My First Dance
(Editor's Note: We have had such a good response to the Virtual Jukebox feature, I thought I would use it as a springboard for another topic. This week I will be launching a series of stories about the dances we did and the ones we went to before we graduated from high school. What would be more fitting than to start out with a story about a Valentine dance? This theme will be continued for several weeks to come. Please share your own stories with your classmates.)
I was in the ninth grade at Lee Junior High when I went to my first real dance.
The first dance I ever went to was also my first real date. It happened on Valentine's Day of 1961. It was through a twisted web of circumstances I was invited to go to the Huntsville High School's Valentine's Day dance. The web was a long and complicated one. My grandmother (who was born on Valentine's Day of 1899) rented an apartment from a family living across the street from me. The family had a seventeen year old daughter who was going steady with a boy who was taking her to a dance at Huntsville High School. She invited her younger cousin to go along. Why she wanted to do that is unknown, but Connie (Name Changed for Personal Reasons) didn't have anyone to go with. Through some scheme, known only to Venus or Cupid, I was the one invited to go to the dance with her.
Even though it was my first date, I didn't even initiate it. I was very shy, and it probably would have taken me years before I got up the nerve to ask a girl for a date. For this one, I was the one who was asked and even then I wasn't asked by the girl. It was through an arrangement made by the cousins, and parents, and aunts and uncles, and grandmothers and who knows who else. Maybe the milkman was in on it for all I knew. If I hadn't known better I would have thought that it was an old-world arrangement. How such a date was settled is beyond belief, but it was and I was invited to go to the Valentine's Dance with Connie.
As I mentioned, it was 1961. I was fifteen at the time; and my date was twelve, almost thirteen. I bought flowers and everything and even wore a suit and tie. I lived across the street from the cousin, so when the time came, I took the flowers out of the refrigerator, tried to get the butterflies out of my stomach, and walked across the street to meet my date. It looked like the Academy Awards show when I arrived at the door. There were people and cameras and flowers and me. There, behind the crowd, was Connie in her nice party dress. When I gave her the flowers she opened them and handed the corsage back for me to pin on her.
That posed the first problem of the night. Just how do you go about pinning a flower on a girl's shoulder, or lower, without touching something you were not supposed to touch? The older cousin, her date, the aunt and uncle and her parents got quite a giggle out of watching me struggle with embarrassment. The obvious way to do it was to scoop your hand down inside the front of the dress to hold it steady while you pinned it on her. Obviously what was practical was not the proper way to do it. After a few seconds, which seemed like hours, of fidgeting and trying to pin it on without touching anything, and after the adults had all the giggles they could get out of watching me, I was rescued by the cousin who completed the task. A smart fellow would have taken that as a hint and left and waited until he could date a girl without an audience. That was not to be on that night. I was committed to the date.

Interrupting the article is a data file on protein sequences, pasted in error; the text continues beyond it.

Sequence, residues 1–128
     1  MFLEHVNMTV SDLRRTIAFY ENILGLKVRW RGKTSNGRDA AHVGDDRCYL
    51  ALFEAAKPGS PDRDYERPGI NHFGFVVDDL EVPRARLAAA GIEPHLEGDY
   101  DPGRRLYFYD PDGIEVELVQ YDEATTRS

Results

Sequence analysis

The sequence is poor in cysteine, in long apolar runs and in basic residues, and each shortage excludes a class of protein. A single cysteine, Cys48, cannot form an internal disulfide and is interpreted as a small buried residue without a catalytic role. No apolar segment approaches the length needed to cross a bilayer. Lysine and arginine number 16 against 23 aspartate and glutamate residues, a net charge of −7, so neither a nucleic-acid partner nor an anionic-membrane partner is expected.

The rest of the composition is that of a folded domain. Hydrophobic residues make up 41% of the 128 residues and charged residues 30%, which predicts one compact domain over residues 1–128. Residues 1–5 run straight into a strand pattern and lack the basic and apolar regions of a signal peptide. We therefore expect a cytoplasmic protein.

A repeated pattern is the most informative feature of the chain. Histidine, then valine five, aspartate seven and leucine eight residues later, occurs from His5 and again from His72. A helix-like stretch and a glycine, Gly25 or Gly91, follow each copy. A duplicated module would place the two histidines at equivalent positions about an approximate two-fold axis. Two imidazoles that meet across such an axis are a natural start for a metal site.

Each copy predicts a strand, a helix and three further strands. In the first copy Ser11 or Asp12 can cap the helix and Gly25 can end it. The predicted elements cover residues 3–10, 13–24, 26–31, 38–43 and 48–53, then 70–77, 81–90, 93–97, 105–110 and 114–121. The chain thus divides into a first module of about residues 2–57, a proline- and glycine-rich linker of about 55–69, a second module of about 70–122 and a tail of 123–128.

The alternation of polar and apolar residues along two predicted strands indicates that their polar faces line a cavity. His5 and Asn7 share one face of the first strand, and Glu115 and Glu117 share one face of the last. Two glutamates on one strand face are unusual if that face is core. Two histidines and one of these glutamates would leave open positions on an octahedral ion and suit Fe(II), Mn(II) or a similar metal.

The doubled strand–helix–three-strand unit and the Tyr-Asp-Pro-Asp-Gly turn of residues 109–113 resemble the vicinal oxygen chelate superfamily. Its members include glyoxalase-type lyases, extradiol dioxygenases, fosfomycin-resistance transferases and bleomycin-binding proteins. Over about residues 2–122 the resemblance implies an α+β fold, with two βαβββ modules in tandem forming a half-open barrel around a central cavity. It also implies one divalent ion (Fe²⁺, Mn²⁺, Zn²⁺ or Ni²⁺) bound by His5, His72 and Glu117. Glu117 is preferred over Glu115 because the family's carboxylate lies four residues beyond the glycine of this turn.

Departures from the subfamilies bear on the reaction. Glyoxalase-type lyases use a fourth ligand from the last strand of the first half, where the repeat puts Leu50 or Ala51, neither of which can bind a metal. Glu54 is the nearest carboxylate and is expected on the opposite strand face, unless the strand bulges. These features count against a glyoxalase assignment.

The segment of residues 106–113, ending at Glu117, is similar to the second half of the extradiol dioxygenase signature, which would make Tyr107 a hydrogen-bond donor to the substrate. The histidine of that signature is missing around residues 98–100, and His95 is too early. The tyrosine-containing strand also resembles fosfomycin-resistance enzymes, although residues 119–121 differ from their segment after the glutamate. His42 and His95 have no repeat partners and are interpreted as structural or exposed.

We rode in the cousin's date's car to the dance, hardly speaking on the way. I just barely knew the girl sitting beside me in the back seat of the car. We had met once before when she was eight and it never entered my mind that someday I would be sitting in the back of a car on the way to a dance with her. We sat in silence, glancing ever so often at one another and then out of the windows to watch the street lights go by.
The dance went rather well, except that at the time, neither I nor Connie knew how to dance, and we spent most of the time sitting and making busy talk or not talking at all. When we did try to dance, all that I knew how to do was the two-step, and I spent most of the time on the floor saying "one-two-one, one-two-one" to myself as I counted the steps needed for the dance. All the dancing was done at arm's length and our bodies never touched. When the dance was over we all went to Jerry's. It was my first time to visit that establishment with a girl.
Next week I will tell you about the two-step, as I knew it.
Memphis, TN - As noted above, this week we are beginning a new adventure into memories of our past. It will be a multi-lane highway, with memories about the physical aspect of the dances we did, and the social aspect of the dances we went to and who we went with. My story this week is about the social aspect, which I plan to follow up next week on something about the dance moves mentioned.
I would like very much to have as many of you participate in this topic as you did with the virtual jukebox. Many may wonder why I am always printing stories written by Rainer and John. The simple truth is - they are the only ones I can count on to help me come up with ideas about stories to print. I would gladly include your story should you send it to me.